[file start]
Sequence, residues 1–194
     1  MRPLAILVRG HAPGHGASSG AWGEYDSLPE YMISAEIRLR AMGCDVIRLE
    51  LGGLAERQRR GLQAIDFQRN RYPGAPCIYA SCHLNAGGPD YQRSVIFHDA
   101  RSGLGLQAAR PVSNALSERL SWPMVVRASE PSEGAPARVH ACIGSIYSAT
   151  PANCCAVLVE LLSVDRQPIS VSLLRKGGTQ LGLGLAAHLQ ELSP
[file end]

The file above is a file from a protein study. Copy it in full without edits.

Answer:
Sequence, residues 1–194
     1  MRPLAILVRG HAPGHGASSG AWGEYDSLPE YMISAEIRLR AMGCDVIRLE
    51  LGGLAERQRR GLQAIDFQRN RYPGAPCIYA SCHLNAGGPD YQRSVIFHDA
   101  RSGLGLQAAR PVSNALSERL SWPMVVRASE PSEGAPARVH ACIGSIYSAT
   151  PANCCAVLVE LLSVDRQPIS VSLLRKGGTQ LGLGLAAHLQ ELSP